We didn't plan it this way, but the show this week is a tribute to audacious women making art. It seems a good time for that. David and I also include shoutouts for Idris Ackamoor and the Pyramids, who bring their mix of jazz, African pop and Sun Ra-inspired freedom to Pt. Richmond Jazz; details here. And David squeezes in a nod to the San Francisco Gay Men's Chorus, doing a show at the Herbst called Paradise, including the Alan Mencken song "God Help the Outcasts." Details here.
March 25: We'll always think of Kristin Chenoweth as Glynda, the good witch from Wicked, a musical that worked out its kinks during a month-long run in San Francisco before blowing the doors off Broadway. Audiences at the Curran Theater saw how Chenoweth's voice could be both girlish and fabulously powerful. She's also been great on television in Glee and as a co-star of Pushing up Daisies. Now she's touring, doing a few favorites from Wicked and treasures from the Great American Songbook -- and she never phones it in. Details on her Bing Concert Hall show March 25 are here.
March 24–25 & April 8: The Bay Area’s Leela Dance is committed to keeping Kathak, a rhythmic bare-footed dance form going back hundreds of years in India, alive and fresh. Leela continues the work of Chitresh Das, who made the Bay Area a center of innovation for Kathak. This weekend at YBCA, Leela Dance performs Speak, a mashup of Kathak (Leela Dance members Rachna Nivas and Rina Mehta) with tap (Dormeshia Sumbry-Edwards and MacArthur winner Michelle Dorrance). Then, on April 8, the ambitious troupe presents the world premiere of Son of the Wind, a dance drama about a mischievous hero rescuing a kidnapped princess (cue Disney). Details for Speak at the Yerba Buena Center for the Arts are here. And details for Son of the Wind at the Green Music Center in Rohnert Park are here.
March 30: We may think of the blues as an iconic form: a black man with a guitar. But Pamela Rose posits in her musical tribute Blues is a Womanthat it was stars like Ma Rainey and Alberta Hunter -- on through to Janis Joplin and Bonnie Raitt -- who really powered the development of the blues as popular music. “They were also presenting a really different idea of what women could be like in popular song," Rose says in a phone interview. "These blues women did not suffer in silence. And that voice, that independence, that 'I’m going to give you some advice, if he’s not good enough move on to find another.' Women who frankly admitted they’d misbehaved. That voice changed entertainment and it still lives with us today.”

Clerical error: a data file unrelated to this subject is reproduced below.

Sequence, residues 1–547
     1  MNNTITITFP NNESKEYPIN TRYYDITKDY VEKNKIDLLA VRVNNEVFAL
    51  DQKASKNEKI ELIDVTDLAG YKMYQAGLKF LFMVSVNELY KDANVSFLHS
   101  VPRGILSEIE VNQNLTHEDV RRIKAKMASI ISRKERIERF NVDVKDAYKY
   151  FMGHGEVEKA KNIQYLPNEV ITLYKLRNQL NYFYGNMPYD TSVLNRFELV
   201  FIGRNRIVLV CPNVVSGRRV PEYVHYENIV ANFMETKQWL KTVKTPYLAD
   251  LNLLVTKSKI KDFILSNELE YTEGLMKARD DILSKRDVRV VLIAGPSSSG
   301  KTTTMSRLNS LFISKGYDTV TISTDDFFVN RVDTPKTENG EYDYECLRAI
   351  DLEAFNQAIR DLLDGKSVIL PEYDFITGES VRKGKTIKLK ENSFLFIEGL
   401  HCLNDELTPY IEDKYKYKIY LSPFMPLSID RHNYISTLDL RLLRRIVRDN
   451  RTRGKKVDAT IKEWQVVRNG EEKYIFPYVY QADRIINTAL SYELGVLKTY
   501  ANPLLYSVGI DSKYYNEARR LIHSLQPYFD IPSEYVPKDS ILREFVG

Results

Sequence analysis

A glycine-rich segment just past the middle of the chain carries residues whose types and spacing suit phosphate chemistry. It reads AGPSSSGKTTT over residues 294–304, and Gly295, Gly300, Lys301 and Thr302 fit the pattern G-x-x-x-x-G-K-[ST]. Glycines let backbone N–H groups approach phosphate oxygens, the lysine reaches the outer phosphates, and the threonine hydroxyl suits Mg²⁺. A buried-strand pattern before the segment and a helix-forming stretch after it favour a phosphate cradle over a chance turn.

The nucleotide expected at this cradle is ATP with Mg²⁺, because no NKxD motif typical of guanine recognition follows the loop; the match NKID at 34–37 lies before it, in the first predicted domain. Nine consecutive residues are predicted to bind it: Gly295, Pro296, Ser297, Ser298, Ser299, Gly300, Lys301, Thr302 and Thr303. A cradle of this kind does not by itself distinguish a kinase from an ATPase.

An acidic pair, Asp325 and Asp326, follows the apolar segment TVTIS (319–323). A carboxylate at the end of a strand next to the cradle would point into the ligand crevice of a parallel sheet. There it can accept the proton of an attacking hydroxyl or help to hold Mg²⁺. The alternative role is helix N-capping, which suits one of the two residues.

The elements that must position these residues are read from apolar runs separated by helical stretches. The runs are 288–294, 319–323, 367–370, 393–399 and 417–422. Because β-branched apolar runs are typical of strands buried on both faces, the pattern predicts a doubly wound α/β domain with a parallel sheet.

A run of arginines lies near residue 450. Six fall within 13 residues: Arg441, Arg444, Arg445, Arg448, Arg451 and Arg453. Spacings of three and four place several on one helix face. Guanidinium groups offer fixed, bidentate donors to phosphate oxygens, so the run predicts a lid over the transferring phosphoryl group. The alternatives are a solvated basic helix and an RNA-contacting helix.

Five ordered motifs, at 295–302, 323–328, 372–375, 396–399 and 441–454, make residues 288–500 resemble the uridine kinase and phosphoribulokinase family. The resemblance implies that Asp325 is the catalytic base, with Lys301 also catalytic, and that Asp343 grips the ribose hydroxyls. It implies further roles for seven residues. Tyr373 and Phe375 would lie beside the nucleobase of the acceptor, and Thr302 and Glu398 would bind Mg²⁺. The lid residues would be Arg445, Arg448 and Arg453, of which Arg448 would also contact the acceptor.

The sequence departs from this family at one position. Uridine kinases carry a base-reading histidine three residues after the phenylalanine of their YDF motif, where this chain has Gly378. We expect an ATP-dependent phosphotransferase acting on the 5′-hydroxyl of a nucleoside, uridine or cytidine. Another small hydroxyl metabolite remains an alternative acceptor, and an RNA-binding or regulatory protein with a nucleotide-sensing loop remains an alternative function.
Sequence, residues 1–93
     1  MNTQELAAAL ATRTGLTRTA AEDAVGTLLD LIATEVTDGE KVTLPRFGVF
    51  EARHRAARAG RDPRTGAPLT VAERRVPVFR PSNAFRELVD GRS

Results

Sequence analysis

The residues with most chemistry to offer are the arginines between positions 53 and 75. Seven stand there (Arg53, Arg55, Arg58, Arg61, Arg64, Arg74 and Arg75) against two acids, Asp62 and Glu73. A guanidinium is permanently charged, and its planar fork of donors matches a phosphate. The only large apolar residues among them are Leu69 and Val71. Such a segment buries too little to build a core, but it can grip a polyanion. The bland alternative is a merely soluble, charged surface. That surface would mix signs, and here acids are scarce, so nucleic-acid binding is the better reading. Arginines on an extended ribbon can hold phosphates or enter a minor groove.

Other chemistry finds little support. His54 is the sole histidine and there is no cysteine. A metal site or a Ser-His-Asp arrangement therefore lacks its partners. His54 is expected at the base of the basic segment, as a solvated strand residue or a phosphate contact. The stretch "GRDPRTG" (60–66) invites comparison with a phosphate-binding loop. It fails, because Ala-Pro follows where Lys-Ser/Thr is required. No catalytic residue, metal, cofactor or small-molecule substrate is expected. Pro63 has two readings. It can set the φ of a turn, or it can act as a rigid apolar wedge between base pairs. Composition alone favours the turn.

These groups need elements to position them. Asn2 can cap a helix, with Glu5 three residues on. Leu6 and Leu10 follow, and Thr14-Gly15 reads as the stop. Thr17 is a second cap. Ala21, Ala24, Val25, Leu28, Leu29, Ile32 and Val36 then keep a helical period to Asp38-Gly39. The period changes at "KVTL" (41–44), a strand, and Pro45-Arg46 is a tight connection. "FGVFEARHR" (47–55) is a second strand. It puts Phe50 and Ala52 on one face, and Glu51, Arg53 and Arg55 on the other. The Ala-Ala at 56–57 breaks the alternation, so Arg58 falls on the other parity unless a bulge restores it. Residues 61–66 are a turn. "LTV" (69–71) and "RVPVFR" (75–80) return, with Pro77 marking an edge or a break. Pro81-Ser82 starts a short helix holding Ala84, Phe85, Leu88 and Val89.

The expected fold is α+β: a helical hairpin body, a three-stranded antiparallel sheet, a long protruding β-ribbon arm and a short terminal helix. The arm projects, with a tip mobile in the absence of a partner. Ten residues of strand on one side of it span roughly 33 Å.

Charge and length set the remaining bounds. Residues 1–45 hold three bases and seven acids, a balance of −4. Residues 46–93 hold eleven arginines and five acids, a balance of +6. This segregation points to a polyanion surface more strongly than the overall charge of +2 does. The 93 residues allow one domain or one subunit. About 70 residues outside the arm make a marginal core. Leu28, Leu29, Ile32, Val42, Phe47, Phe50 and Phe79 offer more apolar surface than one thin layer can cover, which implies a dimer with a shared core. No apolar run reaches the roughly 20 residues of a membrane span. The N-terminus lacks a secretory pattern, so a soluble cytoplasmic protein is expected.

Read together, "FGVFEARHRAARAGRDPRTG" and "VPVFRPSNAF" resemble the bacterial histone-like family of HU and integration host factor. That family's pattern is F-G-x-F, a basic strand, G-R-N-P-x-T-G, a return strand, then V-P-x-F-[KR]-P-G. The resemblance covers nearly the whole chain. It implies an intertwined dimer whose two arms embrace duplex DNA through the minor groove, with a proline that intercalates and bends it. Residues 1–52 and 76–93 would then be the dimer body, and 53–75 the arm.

Rose has gathered a crackerjack all-woman blues band to help perform the show, with Kristen Strom on saxophone, Tammy Hall on keyboards, Ruth Davies on bass, Pat Wilder on guitar and Daria Johnson on drums. This performance is a preview show ahead of a month-long run at the Custom Made Theater , running August 3–27. Details for Blues is a Woman at Freight and Salvage in Berkeley on Thursday are here. And details for one of Rose's regular gigs at Angelica’s in Redwood City, on April 6, are here.
March 24–April 16: Playwright Paula Vogel is having a moment, with her first Broadway drama (Indecent) opening in a few weeks. Now, we get a chance to look back on one of the plays that made her reputation -- 1990’s The Baltimore Waltz, a romantic comedy/drama about the AIDS crisis inspired by her grief at the death of her own brother. Lauren English plays the sister, returning to the stage after too long an absence. The always-sharp Jonathan Moscone is directing. "Paula writes with a necessary indelicacy around grieving," Moscone says, "not to revere it but just write it and laugh as much as you can.” And David says Vogel has even been sitting in on rehearsals -- something she hasn't done in years for The Baltimore Waltz -- so this should be a worthy revival. Details for the run at the Magic Theatre are here. And the Magic brings The Baltimore Waltz to Laney College in Oakland for one matinee performance on Saturday, April 1, with details here.
March 29: To cap a show devoted to strong women, here's a singer both women and men can swoon to. José James is a master of the slow jam, singing jazz, R&B, and hip-hop in a sultry baritone. He fits right in on the Fifty Shades Darkersoundtrack album. Apparently James was planning an album about the hot issues of our time, from racism to economic inequality, and then decided the world needed a place to escape all that. Details for his show on Wednesday, March 29, at the Independent in San Francisco are here.
For arts stories you won't read anywhere else, come to KQED's Arts and Culture desk.